Last weekend was the Hungarian GP and after a less than successful attempt at German cuisine I was feeling a bit nervous. I decided that I would focus on cooking one dish well. Given that the race was in Hungary there was never any doubt about what I would cook – Goulash! I had a look around the web for recipes and settled on one by the infallible Delia. There were going to be no failures this week!
The night before the race we were visiting some of our new neighbours, who happen to be Austrian. Telling them of my planned meal they quickly informed me that the secret to a good goulash is to use the same weight in onions as meat. They also agreed to come over after the race and taste my efforts!
On the day of the race I got up early to get on with my cooking. The recipe required the goulash to be in the oven for two and a half hours, but not being that familiar with the French cuts of meat (they butcher the animals differently over here) I wanted to make sure that the meat was tender. So I wanted to ensure it was in the oven for as long as possible.
From my local Carrefour (the good butcher is on holiday) I bought a large slab of beef weighing around nine hundred words. I cut this up into approximately one inch cubes and browned these in batches in a large oven proof pan before putting them to one side. Next up was the onions. Nine hundred grams turned out to be eight large onions rather than the three required in the recipe. The onions were then roughly chopped and then put into the pan the meat had been browned in.
This quantity of onions took a lot of cooking and it was about fifteen minutes later, when the onions had begun to brown and caramelize, that I was able to return the meat and juices to the pan along with two cloves of crushed garlic.
To this I then added one tablespoon of hot paprika, one of sweet smoked paprika and two of plain flour, giving everything a stir to create a paste with the juices. Finally I added three dried bay leave (from my mum’s garden back home!) and two tins of chopped tomatoes. On went the lid and then the pan went into the oven at one hundred and forty degrees centigrade.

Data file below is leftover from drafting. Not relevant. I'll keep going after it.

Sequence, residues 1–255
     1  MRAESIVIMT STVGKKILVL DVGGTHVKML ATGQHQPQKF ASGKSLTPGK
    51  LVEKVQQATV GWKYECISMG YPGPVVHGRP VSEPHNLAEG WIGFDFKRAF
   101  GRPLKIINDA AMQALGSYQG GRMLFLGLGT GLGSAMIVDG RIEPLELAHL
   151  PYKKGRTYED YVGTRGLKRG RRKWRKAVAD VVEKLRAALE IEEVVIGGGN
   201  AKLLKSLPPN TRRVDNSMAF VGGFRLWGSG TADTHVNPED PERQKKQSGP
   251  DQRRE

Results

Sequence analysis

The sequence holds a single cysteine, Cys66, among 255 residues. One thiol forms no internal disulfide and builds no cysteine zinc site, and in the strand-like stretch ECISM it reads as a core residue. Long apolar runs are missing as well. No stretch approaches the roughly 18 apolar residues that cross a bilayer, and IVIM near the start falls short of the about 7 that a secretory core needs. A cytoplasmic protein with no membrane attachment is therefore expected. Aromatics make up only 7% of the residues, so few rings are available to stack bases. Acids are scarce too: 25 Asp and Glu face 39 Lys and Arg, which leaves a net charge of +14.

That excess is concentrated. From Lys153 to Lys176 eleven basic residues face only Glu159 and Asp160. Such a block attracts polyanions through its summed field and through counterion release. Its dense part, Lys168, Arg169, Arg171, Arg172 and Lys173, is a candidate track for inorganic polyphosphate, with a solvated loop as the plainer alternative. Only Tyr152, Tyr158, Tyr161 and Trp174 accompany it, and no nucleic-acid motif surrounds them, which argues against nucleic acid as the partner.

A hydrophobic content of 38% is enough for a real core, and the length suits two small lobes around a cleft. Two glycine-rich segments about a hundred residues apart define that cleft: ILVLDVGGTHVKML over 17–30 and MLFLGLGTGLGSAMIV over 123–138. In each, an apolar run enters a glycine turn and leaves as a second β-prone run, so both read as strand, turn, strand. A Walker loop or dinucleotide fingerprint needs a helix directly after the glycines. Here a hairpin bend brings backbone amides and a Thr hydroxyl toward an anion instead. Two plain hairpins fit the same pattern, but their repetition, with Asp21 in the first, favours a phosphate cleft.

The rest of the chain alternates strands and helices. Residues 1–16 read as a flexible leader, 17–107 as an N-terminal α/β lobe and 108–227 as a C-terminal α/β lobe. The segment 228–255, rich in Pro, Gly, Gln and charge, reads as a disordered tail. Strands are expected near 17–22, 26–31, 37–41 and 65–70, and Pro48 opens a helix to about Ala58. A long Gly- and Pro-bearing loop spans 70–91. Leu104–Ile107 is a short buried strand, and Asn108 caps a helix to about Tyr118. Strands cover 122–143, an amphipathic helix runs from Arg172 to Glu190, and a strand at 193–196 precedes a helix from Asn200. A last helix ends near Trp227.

Three Hours later I gave everything a stir and added two red peppers which I had de-seeded and roughly chopped before putting the lid back on and the pan back in the oven.
We finally ate the Goulash five and a half hours after it went in the oven! By this time the stew was a deep brown/red and the meat was falling apart. I had cooked some rice to go with the dish, but the Austrians recommended we just had bread. I also omitted the crème fraiche which was to added at the last minute on their recommendation. The stew was delicious, it was full of flavour and oh so soft. There was a great depth and richness to the sauce and a hint of spiciness which brought everything to life. It went down rally well with the Austrians, we demolished the lot! I would love to cook this again; it’s a great cook and leave dish for when you have guests round.
The race was another exciting spectacle. It started under damp conditions and the road dried through-out the race. Once again there was plenty of action with many overtaking manoeuvres and cars that were squirming all over in the wet conditions. The two Maclaren team mates gave an incredible demonstration of expert driving, passing and re-passing on the narrow track over the course of six or seven laps. This was complimented by Nick Heldfield’s Renault catching fire, then, sans driver, exploding (but only a little). The race was eventually won by Jenson Button, the master of the drying track, with Seb Vettle in second. It’s great to see that some of the other teams have finally caught the Red Bulls up, the result is some fantastic competitive races.